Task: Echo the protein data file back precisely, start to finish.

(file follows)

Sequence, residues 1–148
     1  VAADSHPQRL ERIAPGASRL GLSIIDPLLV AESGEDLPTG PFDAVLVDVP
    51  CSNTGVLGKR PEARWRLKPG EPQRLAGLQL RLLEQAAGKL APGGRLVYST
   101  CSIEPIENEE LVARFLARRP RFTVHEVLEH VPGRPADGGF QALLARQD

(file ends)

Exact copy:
Sequence, residues 1–148
     1  VAADSHPQRL ERIAPGASRL GLSIIDPLLV AESGEDLPTG PFDAVLVDVP
    51  CSNTGVLGKR PEARWRLKPG EPQRLAGLQL RLLEQAAGKL APGGRLVYST
   101  CSIEPIENEE LVARFLARRP RFTVHEVLEH VPGRPADGGF QALLARQD